Ontario is now a little over four years into the new prompt payment requirements under the Construction Act, R.S.O. 1990, c. C.30 (the “Act”). While there have been many articles and presentations on the written requirements set out in the new Part I.1 of the Act, not much is set in stone as far as the implementation and enforcement of these new provisions. More particularly, some members of the construction industry are finding it hard to understand and follow the requirements pertaining to Notices of Non-Payment. In this post, we will explore these notices in closer detail, their requirements, and the consequences (or lack thereof) of non-compliance.


Brief Summary of Prompt Payment and Interaction with Notices

As of October 1, 2019, parties involved in any (prime) contracts that are procured or entered into following this date must comply with the prompt payment requirements set out in Part I.1 of the Act.[1] In a nutshell, the main requirement is to ensure expedient delivery of proper invoices (as defined in section 6.1 of the Act) and subsequent compressed timelines for payment by owner to contractor, then contractor to subcontractor, and so on. While this sounds great in theory, it has been a bumpy road enforcing it in practice.

Some members of the construction industry assume that these prompt payment requirements only apply to commercial or larger projects. On the contrary, these requirements apply to every project and any contract of any quantum or size. This means that, even if you’re a general contractor on a kitchen renovation project in someone’s home, you have an obligation to issue a proper invoice to the owner once a month, unless otherwise contractually agreed.[2] The homeowner, in turn, has an obligation to render payment to the contractor within twenty-eight days from the issuance of the proper invoice.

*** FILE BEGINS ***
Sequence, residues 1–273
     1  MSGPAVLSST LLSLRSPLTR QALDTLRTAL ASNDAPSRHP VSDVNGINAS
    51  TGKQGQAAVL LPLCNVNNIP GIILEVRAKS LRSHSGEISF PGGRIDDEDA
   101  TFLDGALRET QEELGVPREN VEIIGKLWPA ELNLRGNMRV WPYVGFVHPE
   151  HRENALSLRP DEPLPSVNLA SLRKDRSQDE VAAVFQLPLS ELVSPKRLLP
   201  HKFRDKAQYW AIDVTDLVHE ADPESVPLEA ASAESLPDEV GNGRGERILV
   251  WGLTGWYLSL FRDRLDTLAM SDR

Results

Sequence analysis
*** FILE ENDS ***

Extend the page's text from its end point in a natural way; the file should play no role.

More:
Alternatively, if the homeowner has reason not to remit payment to the contractor, the homeowner must issue a Notice of Non-Payment – within fourteen (14) days of receiving the proper invoice – specifying the amount disputed in the proper invoice and the reason for non-payment. In turn, the contractor has seven (7) days after receiving the notice to send a similar Notice of Non-Payment to their subcontractors (depending on whether or not they dispute that monies are owing to that subcontractor), and so on and so forth down the pyramid. Overall, there are a total of six (6) notices/notice types depending on whether or not there is general non-payment or whether there is non-payment following disputes.[3]

While this system appears in order academically, in practice, many owners and contractors – especially in the residential renovation industry – have not been complying with these provisions. To date, there has not been much clarification or interpretation of non-compliance with these provisions by the Courts.


Silence on the Treatment of Notices by the Courts

As far as published decisions are concerned, there are only two (2) cases coming out of the Ontario Courts in the past four years pertaining to the notice provisions of prompt payment, namely the Anatolia Tile decision[4] and the Newfore decision.[5] While both of these decisions touch on compliance with prompt payment and interim adjudication, neither of these decisions gives any direction on the consequences of failing to provide or issue Notices of Non-Payment.